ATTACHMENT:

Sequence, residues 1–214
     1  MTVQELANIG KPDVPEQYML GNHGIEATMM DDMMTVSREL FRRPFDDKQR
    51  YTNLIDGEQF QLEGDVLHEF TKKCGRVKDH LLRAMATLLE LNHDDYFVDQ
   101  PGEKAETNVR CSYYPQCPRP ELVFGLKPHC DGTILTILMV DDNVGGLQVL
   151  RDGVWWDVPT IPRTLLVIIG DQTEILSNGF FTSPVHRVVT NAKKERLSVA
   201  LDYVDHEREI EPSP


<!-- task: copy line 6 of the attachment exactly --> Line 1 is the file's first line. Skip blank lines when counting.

   201  LDYVDHEREI EPSP